“The landscape has clearly changed,” U.S. District Court Judge Ellen Huvelle told a hearing into AT&T’s proposed acquisition of T-Mobile from Deutsche Telekom, according to this morning’s Wall Street Journal. When the deal was proposed in March, it appeared to be rolling like a juggernaut, and the Justice Dept. sought expedited proceedings to address the urgency. Today, federal attorneys are seeking to slow down the case, after AT&T withdrew its petition for approval of the deal from the Federal Communications Commission, while immediately afterward AT&T said it would continue to pursue the merger.
As of Friday evening, the deal was, as one veteran telecom industry attorney told Reuters, “pretty close to dead.” If that’s the case, does T-Mobile soldier on? Or is it, to coin a phrase, pretty close to dead? ReadWriteWeb has convened the Panel of Esteemed Grown-ups to discuss no less than the fate of the U.S. wireless industry (left to right):
Ross Rubin, Executive Director and Principal Analyst, NPD Connected Intelligence
Mark Beccue, Senior Analyst for Consumer Mobility, ABI Research
Jan Dawson, Chief Telecoms Analyst, Ovum
Carmi Levy, contributing analyst, CTV News Channel
Just what did they expect?
“My feeling from the beginning has been, this felt like it was using a sledgehammer to crack a nut,” says Ovum’s Jan Dawson. He’s talking about the part of the proposed deal that AT&T has said from the beginning was its key objective: the integration of the two companies’ 4G LTE wireless networks.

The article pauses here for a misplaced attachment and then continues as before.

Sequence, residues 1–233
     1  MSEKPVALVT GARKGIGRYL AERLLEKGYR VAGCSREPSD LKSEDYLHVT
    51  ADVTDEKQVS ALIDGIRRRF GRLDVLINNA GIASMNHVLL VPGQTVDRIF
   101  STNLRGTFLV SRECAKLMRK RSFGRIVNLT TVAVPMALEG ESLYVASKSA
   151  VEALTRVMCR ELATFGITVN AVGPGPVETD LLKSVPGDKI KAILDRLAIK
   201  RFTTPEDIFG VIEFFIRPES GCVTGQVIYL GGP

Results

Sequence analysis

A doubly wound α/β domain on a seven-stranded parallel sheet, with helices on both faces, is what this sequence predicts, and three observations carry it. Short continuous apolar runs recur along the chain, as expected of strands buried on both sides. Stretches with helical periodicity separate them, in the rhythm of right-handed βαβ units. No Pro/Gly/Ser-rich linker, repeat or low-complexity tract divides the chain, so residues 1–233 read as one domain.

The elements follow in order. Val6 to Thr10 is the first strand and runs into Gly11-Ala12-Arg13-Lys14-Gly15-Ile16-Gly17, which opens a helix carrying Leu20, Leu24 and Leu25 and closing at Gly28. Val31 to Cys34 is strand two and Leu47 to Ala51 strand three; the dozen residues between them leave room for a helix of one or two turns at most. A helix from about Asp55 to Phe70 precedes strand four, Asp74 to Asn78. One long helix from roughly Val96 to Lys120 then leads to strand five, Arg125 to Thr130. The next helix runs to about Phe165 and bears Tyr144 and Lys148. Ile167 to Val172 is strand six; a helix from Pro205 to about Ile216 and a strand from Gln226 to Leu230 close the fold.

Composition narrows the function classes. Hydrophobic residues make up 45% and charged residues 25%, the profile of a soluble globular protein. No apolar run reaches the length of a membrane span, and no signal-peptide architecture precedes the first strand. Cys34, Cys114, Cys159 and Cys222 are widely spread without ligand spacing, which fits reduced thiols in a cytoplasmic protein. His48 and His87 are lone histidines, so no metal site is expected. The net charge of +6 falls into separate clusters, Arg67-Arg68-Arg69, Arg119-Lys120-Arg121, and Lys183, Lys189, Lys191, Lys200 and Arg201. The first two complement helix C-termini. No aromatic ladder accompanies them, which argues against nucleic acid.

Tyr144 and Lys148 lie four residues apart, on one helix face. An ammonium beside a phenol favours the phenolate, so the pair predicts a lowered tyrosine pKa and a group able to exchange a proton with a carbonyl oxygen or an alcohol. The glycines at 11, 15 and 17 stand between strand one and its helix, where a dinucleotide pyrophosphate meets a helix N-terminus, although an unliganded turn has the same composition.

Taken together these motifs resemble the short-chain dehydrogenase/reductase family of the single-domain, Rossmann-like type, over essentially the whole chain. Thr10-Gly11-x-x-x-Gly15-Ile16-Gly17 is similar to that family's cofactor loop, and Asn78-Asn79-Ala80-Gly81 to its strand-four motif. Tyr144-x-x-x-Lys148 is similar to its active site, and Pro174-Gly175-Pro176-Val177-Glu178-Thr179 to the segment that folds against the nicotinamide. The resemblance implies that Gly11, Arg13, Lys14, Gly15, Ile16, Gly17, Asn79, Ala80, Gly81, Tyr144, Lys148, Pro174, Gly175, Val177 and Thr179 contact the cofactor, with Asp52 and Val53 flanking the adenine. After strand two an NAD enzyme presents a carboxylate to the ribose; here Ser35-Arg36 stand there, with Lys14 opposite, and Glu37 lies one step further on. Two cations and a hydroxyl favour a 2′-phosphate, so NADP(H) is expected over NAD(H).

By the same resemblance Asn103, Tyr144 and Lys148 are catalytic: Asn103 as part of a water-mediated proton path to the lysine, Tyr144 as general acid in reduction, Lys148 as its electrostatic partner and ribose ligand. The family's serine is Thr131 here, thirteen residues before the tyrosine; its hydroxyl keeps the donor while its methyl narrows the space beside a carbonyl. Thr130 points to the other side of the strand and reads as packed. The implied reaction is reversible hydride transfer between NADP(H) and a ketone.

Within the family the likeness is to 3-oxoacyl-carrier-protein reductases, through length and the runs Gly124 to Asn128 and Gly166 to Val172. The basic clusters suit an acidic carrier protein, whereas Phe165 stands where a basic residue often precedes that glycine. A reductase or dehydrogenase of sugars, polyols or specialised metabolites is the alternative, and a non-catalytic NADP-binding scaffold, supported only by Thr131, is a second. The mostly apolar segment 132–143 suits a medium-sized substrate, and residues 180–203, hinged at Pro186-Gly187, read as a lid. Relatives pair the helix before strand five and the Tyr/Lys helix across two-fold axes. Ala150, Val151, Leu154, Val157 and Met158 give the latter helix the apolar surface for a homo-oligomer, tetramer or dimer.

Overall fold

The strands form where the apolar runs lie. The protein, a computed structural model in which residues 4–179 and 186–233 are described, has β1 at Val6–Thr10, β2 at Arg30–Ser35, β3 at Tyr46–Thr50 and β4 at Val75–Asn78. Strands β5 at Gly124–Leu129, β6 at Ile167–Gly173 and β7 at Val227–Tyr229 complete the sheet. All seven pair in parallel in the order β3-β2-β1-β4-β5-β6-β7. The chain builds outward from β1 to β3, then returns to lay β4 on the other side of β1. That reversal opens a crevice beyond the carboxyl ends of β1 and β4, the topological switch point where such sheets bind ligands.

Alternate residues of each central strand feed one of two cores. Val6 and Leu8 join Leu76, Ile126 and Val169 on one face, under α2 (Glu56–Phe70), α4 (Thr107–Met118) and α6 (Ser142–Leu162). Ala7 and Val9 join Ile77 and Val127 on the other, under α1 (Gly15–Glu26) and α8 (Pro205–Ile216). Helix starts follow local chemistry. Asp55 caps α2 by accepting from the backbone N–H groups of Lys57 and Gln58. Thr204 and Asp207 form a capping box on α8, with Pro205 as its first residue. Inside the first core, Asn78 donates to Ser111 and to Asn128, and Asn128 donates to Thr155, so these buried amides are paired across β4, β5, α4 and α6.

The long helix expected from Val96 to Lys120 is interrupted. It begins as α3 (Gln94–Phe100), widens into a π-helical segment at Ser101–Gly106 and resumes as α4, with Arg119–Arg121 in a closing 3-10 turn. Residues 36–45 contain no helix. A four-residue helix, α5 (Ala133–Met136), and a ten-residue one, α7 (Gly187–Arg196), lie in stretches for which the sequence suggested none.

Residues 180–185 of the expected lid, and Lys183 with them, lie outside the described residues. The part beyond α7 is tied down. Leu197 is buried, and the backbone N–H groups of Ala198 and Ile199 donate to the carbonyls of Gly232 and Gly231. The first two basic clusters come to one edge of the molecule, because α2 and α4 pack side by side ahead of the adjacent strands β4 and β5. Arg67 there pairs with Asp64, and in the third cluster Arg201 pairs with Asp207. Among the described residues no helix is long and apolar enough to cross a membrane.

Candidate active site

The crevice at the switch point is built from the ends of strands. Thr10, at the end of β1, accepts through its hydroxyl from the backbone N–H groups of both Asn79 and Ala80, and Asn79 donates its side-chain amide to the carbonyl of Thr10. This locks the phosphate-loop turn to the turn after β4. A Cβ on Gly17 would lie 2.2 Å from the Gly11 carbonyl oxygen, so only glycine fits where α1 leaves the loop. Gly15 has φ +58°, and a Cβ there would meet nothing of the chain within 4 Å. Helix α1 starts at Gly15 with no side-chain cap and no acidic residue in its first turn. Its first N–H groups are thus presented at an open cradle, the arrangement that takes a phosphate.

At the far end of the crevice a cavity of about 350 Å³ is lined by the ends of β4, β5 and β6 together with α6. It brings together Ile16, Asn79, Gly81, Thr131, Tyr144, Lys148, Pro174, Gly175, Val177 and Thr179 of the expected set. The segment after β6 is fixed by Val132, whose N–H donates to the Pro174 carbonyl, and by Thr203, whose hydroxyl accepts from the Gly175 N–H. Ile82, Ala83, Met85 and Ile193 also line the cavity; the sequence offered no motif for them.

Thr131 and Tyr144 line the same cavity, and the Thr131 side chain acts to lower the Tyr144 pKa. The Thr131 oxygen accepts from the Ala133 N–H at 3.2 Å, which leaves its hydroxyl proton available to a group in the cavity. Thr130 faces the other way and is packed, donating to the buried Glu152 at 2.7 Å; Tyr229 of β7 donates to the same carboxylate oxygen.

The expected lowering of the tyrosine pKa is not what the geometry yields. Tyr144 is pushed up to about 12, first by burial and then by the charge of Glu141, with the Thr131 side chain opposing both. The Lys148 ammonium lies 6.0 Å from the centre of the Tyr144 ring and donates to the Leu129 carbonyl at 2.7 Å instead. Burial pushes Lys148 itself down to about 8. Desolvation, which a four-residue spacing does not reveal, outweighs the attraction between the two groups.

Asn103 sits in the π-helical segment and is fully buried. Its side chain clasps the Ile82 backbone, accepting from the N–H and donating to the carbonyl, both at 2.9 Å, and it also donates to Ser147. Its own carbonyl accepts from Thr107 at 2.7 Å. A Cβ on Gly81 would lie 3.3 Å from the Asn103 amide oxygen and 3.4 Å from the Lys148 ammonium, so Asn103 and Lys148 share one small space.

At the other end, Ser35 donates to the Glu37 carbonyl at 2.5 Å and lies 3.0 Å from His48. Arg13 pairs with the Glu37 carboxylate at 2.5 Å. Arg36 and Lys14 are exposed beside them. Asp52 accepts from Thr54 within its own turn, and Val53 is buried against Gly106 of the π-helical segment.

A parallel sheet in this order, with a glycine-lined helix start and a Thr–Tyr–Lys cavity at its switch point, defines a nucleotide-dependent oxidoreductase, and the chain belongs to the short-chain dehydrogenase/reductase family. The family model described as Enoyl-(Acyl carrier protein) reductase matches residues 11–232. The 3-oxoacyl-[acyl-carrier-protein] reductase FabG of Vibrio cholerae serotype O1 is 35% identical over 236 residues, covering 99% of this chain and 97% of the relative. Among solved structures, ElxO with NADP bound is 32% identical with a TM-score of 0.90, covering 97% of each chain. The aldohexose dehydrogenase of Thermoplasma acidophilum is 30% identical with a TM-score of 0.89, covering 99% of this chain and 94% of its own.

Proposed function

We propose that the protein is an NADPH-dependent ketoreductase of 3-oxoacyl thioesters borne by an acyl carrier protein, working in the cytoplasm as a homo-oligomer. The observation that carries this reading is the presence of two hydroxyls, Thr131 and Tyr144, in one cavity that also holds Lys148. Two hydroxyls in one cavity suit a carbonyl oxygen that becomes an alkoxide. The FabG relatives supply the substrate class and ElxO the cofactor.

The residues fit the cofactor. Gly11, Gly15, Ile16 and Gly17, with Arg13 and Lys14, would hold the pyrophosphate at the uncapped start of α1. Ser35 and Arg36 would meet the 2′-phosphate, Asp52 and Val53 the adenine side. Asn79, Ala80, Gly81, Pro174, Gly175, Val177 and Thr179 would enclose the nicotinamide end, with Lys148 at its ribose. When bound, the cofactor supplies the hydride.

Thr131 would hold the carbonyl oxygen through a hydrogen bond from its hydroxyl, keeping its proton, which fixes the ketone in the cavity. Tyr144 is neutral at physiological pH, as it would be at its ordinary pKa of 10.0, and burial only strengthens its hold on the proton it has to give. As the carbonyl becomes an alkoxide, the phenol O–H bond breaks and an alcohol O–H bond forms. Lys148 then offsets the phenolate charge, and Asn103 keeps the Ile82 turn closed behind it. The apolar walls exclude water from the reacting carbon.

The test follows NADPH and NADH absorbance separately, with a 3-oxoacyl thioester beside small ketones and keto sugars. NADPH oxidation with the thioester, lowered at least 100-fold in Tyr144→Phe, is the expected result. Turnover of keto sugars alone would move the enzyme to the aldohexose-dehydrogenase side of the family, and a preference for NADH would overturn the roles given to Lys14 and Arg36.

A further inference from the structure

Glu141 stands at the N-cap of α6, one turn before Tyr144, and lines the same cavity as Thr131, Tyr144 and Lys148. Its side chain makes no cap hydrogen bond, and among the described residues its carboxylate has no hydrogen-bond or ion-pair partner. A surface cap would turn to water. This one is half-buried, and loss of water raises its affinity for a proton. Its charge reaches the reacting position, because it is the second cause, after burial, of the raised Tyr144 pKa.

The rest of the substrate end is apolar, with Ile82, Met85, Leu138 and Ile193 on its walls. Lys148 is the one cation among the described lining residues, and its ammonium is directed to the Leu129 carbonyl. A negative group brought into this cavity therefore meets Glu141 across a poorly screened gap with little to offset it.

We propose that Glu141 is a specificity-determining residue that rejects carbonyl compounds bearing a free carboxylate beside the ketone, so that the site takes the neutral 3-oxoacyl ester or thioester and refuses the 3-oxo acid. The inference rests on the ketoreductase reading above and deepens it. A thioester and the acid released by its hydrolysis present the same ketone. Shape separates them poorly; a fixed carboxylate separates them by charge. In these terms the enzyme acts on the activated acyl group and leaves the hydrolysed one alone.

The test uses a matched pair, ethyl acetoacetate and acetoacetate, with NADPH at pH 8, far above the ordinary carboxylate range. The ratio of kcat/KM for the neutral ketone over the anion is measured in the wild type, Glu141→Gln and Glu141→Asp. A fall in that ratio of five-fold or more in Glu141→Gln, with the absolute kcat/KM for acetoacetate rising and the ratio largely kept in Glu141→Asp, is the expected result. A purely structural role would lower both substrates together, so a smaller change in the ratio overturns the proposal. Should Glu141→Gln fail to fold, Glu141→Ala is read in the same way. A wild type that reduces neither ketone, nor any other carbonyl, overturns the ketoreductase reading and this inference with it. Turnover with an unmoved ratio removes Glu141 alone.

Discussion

“If the objective really was just to get spectrum, access to cell towers, then spending the $39 billion to acquire the entire company just felt like overkill. If you look at T-Mobile on paper, those are the main assets they have,” Dawson goes on. “They have a customer base that they’ve struggled to grow; the brand is pretty good, but it does look like AT&T was planning on eliminating that. So you’re kinda wondering, do you really need to acquire the whole company to get this? You wonder if somewhere, in all of this, part of the motivation was that AT&T had lost the #1 spot in terms of number of subscribers to Verizon awhile back, and they felt the best way to get it back on a pretty permanent basis was to cement its position as the largest wireline carrier, the largest DSL carrier, and the largest wireless carrier in the U.S.”
Contributing analyst, CTV News Channel
After AT&T announced its intentions last March, telecoms analyst firm ABI Research went on the record as believing “at the end of the day, the deal will go through in one form or another.” Granted, the day has not ended, but this deal may already be history.